Anne’s Rules of Golf: How to Play with the “Pro’s” without Having the Talent of One
I would have loved to meet the person who decided the best way to spend an otherwise beautiful day is to take a long stick that you need to swing in perfect unison with your body, in order to connect just right with this little ball just slightly bigger than a marble, so that it will go 200-250 yards straight through a narrow gap lined with trees, sand and water, to land on a patch of grass the size of a postage stamp and ultimately in a hole that is just barely bigger than the ball. I am convinced it is a conspiracy by the beer companies so you can justify an excuse for having a “bad round”. Despite the fact that there are a lot of people who claim they play golf but only a very small percentage who can do it without it being a total humiliation, golf outings and leagues have become a popular way of creating social culture and currency in the corporate world. So, how can a novice golfer participate without it being a catastrophic blow to one’s ego and personal brand equity?
If it is a formal outing, suggest a “Best-Ball Scramble” format which allows for a broader range of skill to play together harmoniously as you can pick the best shot of the group from which to play your next one. Make sure you pick a 4-some who just wants to have fun and not the 1-2 teams who will still be ultra-competitive in this format. You could also suggest one of the new golfing centers like Top Golf that gamify the driving range.
If the outing ends up being a more traditional format where you play your own ball, employ “Anne’s Rules of Golf”. You can also use these rules for casual outings with friends and family because the only way to get better at the sport is to actually play on a course. You can be a driving range pro, but that won’t translate to the course where you need to navigate water, trees, sand, rough, and undulating topography. “Anne’s Rules of Golf” will only work, however, if you don’t let others who feel the outing should be treated like the US Open intimidate you. These rules are designed to help you keep up with the pace of play and be respectful of the other golfers’ shots so you can enjoy the game on your own terms without impacting other’s enjoyment as well. So, here we go:
“Anne’s Rules of Golf” for Novice Golfers:
You only need to play with 4 clubs: 3 wood to tee off, 5 iron for any fairway shot, 9 iron for approach/pitch/sand shots, and putter for putting. Forget the rest as you aren’t good enough (yet) that the differences matter. As you improve, you can start adding clubs to your bag.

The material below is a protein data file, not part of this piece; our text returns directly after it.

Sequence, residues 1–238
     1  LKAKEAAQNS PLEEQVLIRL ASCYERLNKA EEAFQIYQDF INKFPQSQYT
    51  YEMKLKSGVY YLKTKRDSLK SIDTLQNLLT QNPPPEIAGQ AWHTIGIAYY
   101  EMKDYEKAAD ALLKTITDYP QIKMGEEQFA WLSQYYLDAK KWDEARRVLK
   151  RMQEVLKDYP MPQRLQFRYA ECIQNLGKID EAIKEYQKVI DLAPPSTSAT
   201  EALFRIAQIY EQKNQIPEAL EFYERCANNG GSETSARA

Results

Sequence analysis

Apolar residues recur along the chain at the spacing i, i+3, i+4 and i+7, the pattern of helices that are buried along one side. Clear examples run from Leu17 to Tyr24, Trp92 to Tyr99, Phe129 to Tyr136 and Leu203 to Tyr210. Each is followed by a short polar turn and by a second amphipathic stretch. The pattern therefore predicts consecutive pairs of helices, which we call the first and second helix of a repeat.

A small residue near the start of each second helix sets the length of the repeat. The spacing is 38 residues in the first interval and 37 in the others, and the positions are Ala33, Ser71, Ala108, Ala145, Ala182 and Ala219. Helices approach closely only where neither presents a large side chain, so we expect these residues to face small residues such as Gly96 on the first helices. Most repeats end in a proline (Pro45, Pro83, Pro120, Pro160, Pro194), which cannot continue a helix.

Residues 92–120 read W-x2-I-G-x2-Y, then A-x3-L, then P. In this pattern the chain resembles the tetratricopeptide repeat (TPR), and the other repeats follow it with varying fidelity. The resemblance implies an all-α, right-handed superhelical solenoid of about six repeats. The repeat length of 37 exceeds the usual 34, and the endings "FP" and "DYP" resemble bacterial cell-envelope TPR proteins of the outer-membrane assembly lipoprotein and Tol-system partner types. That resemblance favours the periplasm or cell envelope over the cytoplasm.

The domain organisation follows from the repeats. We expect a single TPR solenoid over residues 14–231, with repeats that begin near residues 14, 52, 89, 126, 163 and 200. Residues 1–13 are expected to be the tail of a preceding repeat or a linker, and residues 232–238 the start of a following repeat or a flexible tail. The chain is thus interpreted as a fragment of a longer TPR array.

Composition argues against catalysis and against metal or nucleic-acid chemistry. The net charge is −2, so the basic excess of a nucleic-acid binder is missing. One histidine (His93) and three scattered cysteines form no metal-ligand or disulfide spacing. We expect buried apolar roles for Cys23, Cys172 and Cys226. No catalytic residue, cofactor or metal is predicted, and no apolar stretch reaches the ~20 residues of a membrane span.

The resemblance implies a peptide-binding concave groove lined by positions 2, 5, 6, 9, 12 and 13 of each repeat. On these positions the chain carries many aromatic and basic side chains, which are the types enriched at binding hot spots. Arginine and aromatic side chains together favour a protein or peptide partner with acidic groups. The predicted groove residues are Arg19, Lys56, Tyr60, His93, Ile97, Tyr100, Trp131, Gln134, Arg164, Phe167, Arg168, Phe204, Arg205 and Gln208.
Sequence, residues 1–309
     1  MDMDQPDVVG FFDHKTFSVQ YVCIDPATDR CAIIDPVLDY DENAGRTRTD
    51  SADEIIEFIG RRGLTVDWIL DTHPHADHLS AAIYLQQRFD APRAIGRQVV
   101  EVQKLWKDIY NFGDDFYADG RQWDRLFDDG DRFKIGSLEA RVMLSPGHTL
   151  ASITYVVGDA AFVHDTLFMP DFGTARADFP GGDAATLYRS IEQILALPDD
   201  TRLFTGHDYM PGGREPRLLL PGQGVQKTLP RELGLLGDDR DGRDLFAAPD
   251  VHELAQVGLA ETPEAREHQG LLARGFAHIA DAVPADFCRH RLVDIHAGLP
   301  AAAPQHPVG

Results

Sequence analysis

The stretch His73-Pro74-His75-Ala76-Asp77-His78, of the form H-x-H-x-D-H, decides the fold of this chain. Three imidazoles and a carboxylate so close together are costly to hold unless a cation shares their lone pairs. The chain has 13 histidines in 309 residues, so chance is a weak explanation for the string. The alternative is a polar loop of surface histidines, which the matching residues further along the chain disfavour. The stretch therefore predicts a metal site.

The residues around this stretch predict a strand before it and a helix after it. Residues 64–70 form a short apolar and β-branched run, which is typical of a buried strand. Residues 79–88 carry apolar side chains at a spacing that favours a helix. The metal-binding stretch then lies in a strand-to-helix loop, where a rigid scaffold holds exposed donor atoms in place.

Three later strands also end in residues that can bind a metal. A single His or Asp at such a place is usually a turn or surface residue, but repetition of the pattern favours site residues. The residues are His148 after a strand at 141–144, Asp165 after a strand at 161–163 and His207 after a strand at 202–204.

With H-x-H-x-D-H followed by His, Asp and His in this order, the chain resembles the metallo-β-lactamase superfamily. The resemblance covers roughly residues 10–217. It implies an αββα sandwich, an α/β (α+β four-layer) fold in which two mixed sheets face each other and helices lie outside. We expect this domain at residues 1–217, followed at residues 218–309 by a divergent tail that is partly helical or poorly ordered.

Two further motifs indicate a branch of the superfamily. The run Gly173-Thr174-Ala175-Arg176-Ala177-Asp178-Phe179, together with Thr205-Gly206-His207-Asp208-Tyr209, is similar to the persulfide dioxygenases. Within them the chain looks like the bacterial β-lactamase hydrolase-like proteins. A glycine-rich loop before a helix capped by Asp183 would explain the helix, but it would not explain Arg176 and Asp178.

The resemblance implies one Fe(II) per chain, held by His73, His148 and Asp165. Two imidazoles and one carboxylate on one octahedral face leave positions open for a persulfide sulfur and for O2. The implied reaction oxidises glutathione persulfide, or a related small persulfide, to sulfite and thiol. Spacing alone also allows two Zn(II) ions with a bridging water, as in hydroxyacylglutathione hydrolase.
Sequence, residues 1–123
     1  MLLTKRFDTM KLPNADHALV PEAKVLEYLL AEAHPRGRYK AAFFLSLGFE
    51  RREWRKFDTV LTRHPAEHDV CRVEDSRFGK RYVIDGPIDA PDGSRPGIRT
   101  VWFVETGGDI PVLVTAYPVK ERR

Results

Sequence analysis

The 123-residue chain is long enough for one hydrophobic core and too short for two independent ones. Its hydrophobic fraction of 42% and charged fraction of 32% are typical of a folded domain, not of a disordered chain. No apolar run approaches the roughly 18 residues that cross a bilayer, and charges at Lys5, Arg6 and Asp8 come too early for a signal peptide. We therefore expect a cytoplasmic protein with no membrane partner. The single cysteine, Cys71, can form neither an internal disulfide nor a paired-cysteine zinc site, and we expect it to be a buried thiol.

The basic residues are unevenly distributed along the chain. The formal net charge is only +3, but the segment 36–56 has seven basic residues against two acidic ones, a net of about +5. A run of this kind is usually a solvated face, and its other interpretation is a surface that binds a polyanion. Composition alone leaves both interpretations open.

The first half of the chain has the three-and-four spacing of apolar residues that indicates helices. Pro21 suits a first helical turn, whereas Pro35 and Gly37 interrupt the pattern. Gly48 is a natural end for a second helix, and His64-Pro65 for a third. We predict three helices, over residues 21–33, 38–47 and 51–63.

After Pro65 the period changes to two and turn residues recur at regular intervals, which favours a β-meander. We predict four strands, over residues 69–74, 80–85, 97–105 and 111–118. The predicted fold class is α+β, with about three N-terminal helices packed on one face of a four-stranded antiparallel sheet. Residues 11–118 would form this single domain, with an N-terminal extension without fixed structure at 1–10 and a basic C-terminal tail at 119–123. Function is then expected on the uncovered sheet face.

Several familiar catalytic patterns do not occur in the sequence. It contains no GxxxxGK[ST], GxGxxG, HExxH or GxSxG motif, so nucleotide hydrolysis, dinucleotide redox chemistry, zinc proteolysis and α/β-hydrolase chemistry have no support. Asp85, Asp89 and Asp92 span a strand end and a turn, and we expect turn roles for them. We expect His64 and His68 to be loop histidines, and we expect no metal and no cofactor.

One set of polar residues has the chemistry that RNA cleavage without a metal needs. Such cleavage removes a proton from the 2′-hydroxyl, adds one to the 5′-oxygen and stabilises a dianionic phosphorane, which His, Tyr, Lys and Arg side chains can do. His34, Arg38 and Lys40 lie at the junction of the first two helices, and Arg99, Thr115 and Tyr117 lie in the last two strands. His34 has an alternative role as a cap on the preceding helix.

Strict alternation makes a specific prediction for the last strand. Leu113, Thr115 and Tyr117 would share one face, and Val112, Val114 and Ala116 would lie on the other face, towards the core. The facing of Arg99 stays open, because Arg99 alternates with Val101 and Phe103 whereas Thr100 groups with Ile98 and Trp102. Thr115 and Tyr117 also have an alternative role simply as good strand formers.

It should take you less than 60 seconds to approach your ball, take a practice swing and then take your shot. This means you should have already selected your club (see above) and are ready to go when it is your turn. Multiple practice swings are not likely to improve your shot. Instead, they will just tire you out and frustrate the other golfers when your ball only goes about 10 yards. Also, tee off from the most forward tees to increase the chances of being able to play your next shot.
If your tee or fairway shot lands significantly behind everyone else’s or you have a bad lie, pick your ball up and play from someone else’s ball who is in better position.
If you land in woods or thick rough and don’t have a clear shot, pick up your ball and move it to a playable position. It is not worth playing ping-pong in the woods just to get a ball in the face.
If you land in the sand, try one shot. If it doesn’t get you out, pick-up your ball and throw it to a playable position. This is the same for an approach shot right outside the green. Try one shot, but if it doesn’t land on the green, get your ball and toss it onto the green.
If you land in the water, drop on the other side of the water closer to the hole. It isn’t worth losing an entire sleeve of balls.
If you can’t find your ball, look for 60 seconds and move on. While you are still learning, don’t invest in expensive balls.
It is okay to tee-up your ball by picking up your ball, twisting the grass underneath it and gently placing your ball on your organically made tee.
You only get 3 puts. If the ball doesn’t look like it is going to go in on the third shot, guide it in there so you can hear the satisfying clank.
Don’t keep score. Your objective is to get course experience and have fun. There is no reason to count strokes. If you feel yourself getting really frustrated, take a couple holes off. A beer helps too.
If it all still seems a little daunting, just remember these inspirational words from Jimmy DeMaret: “Golf and Sex are the only things you can enjoy without being good at them.”
Some tips that will keep you in good graces with other golfers:
Don’t walk across someone’s putting line.
Generally, the person furthest out from the hole shoots/putts first.
The pin doesn’t generally get pulled until all the golfers are on the green.
Be aware of where everyone is on the golf course so you don’t inadvertently park your cart or yourself in front of someone’s shot.
Be aware of the golf cart rules dictated by the course.
Watch people’s shots so you can give them guidance on where their shot landed.
Anne’s Note: As always, I hyperlink to brands I love so I can share the love with you.